Some of my personal favorite colors to keep on hand during portrait painting are: yellow ochre, burnt sienna, raw umber, paynes gray, cad yellow medium, cad red medium, and unbleached titanium. I seemingly always use at least four of these colors during a portrait painting at any given time. Here is an example of a portrait of me done by Chicago artist David Marinelli using multiple colors in the skin tone to capture my mischievous look.
Sasha DeMarino private collection
Make a decision about hair before you begin the head. Do you want to paint every strand like an Andrew Wyeth masterpiece or do you want the general idea of hair?
Do you want photorealistic hair, or do you want a few strands hinting at the whole? Too many times I started out wanting to paint every little hair on the head and found it overwhelmed the beauty of the facial expression. Other times I decided to paint every hair on the head and didn’t have the commitment to see it to the end. If you look at many of the great portraits of time, you will find the majority of them just give you the general idea of hair; the overall shape, the highlights, the shadows. The reason the Masters did this is to bring more attention to the face - the feeling and personality of the portrait. However, there are many painters who felt the movement and lines of hair gave the portrait some additional fire and realism. When it comes to hair, I always think of a man who was famous for his painted female locks, J. W. Waterhouse. Now there is some hair! The point is you need to know the direction you want the hair to go before you begin so that you can create a perfect balance by the end of the painting.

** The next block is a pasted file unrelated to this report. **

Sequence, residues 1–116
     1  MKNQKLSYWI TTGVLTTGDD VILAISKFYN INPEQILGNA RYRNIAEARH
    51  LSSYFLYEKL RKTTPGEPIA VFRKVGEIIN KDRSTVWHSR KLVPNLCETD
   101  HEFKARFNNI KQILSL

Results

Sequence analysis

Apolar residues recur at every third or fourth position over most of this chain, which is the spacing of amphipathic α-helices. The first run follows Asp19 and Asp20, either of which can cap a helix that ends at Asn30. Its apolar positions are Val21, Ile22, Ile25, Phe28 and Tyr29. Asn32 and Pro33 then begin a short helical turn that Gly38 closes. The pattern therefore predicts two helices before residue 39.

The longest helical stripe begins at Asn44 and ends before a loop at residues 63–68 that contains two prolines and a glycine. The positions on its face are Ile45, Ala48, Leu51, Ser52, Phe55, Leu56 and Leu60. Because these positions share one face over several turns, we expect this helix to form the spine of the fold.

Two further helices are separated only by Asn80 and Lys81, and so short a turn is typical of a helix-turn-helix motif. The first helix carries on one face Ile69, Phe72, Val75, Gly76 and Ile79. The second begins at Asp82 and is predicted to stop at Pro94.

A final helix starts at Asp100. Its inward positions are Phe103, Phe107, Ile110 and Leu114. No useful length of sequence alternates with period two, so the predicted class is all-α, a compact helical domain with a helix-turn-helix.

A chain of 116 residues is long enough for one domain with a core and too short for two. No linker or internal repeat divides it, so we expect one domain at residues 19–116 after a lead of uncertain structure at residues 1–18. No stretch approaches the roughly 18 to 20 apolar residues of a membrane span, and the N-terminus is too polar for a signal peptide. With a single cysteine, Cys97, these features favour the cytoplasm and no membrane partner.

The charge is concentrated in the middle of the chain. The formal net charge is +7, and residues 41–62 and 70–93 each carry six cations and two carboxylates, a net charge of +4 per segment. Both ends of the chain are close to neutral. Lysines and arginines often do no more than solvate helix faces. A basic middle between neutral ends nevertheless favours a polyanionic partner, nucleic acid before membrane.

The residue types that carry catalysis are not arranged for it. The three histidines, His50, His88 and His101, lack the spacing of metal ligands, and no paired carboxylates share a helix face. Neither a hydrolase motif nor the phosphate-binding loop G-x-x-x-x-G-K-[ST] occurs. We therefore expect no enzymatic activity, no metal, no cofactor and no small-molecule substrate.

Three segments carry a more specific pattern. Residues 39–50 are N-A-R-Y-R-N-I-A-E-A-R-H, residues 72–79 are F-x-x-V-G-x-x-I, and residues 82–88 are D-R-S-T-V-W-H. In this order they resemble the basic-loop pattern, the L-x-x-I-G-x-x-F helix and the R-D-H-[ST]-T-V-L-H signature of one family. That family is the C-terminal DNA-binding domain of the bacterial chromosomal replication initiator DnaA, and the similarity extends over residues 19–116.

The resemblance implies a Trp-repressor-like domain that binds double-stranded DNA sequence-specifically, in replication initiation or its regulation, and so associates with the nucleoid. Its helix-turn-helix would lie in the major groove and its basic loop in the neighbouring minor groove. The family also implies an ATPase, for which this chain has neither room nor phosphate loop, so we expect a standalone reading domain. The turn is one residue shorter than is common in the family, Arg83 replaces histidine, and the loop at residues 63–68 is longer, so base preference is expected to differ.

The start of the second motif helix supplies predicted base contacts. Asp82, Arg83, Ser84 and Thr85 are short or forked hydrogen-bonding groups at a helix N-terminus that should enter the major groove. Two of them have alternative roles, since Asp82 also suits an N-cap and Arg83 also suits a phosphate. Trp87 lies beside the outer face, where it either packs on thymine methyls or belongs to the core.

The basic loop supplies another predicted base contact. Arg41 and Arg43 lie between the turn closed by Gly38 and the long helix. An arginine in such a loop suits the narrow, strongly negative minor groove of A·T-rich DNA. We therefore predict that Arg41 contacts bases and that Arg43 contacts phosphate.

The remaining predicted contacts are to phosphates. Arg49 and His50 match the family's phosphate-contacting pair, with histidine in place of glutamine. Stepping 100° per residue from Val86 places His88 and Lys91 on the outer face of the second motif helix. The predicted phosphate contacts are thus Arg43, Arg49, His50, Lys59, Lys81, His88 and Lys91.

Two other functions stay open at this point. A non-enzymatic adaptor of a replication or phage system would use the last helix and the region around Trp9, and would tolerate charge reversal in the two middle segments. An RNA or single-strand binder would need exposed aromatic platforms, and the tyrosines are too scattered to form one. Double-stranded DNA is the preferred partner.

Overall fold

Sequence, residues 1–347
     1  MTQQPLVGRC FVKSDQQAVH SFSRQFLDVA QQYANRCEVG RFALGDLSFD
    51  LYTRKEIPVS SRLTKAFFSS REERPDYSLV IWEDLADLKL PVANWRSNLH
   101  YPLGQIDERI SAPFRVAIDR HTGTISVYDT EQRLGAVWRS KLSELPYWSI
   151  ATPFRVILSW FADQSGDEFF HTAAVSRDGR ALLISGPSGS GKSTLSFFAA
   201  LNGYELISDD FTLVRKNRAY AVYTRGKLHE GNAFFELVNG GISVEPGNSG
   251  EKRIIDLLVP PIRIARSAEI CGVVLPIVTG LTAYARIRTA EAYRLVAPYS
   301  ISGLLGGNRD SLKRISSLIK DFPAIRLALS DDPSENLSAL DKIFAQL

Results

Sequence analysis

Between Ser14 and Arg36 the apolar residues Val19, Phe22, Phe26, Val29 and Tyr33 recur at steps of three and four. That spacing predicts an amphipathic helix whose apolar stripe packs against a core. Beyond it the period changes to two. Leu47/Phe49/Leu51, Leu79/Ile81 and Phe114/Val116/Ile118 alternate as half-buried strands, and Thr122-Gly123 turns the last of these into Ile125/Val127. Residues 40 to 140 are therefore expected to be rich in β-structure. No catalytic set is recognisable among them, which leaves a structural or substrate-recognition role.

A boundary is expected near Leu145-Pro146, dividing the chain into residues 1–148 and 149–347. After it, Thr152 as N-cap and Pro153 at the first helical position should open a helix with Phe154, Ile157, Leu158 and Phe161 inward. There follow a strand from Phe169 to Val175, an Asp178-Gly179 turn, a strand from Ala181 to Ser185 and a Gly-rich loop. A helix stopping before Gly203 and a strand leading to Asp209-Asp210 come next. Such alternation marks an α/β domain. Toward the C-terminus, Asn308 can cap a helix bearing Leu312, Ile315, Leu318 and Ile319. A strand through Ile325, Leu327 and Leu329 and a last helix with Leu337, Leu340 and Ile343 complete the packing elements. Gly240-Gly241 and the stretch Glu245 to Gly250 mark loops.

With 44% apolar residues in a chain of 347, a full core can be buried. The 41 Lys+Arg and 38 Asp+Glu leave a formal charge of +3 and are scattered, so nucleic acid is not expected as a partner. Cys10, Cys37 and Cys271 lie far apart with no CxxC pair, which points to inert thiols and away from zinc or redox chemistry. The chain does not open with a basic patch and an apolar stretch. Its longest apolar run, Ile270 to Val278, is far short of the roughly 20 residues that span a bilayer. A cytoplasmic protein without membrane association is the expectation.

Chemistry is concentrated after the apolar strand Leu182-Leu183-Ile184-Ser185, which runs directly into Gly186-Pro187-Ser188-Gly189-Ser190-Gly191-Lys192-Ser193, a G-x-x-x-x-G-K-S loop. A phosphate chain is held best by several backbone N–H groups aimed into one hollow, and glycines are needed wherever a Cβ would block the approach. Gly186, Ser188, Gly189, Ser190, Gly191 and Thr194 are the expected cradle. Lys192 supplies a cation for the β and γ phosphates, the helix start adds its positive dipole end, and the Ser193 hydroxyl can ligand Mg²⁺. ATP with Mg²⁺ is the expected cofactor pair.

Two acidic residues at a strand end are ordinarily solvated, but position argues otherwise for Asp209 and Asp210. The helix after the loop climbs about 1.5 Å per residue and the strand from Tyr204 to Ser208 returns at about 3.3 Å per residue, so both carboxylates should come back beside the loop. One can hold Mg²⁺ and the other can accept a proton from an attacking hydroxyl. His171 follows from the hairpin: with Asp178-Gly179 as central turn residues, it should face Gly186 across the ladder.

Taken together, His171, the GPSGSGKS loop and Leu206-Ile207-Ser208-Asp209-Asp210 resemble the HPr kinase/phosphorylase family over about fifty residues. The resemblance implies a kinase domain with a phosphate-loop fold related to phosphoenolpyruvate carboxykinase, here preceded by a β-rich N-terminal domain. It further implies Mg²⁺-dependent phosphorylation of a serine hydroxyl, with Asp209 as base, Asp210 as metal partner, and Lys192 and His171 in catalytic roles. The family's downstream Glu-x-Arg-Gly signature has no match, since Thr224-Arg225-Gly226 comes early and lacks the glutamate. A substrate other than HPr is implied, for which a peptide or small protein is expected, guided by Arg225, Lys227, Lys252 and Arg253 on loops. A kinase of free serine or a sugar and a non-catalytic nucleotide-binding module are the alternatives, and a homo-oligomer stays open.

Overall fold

When I am painting a realistic portrait painting in acrylic paint, I have found Retarder is my best friend. Adding it into the flesh tone mixture (see about flesh tones above) helps me blend subtle tones and values into the flesh without harsh lines or transitions.
An ancient technique for painting portraits is utilizing the grisaille technique. Grisaille, or sometimes also known as verdaille orbrunaille, is the process of underpainting in near monochromatic style the entire portrait before overpainting with realistic color values. Grisaille helps define depth, shadow, and dimension before the artist worries about color, and often a simple glazing over the grisaille underpainting is enough to create a wonderful effect.
Verdaccio is another old technique that I think still holds a lot of value and was a favorite of Vermeer. This is the process of painting the skin tone in green before glazing over it with the reds and pinks of the flesh tone you wish to acquire. The green helps neutralize the red and pinks due to the fact that it is the complimentary color. Verdaccio helps avoid the “sunburn” or overly warm/orange appearance that can happen when attempting to create flesh tones without the green underpainting. Generally the best mixture for Verdaccio is Chromium Oxide Green and a little Mars Black. If you don't feel like mixing these two colors, we also offer Green Earth Hue which combines those two pigments.